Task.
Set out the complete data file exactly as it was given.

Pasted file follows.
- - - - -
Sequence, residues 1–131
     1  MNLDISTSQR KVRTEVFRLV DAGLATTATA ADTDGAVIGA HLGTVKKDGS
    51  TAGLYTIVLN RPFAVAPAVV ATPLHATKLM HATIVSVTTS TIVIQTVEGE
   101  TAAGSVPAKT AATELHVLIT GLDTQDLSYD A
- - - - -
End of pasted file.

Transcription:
Sequence, residues 1–131
     1  MNLDISTSQR KVRTEVFRLV DAGLATTATA ADTDGAVIGA HLGTVKKDGS
    51  TAGLYTIVLN RPFAVAPAVV ATPLHATKLM HATIVSVTTS TIVIQTVEGE
   101  TAAGSVPAKT AATELHVLIT GLDTQDLSYD A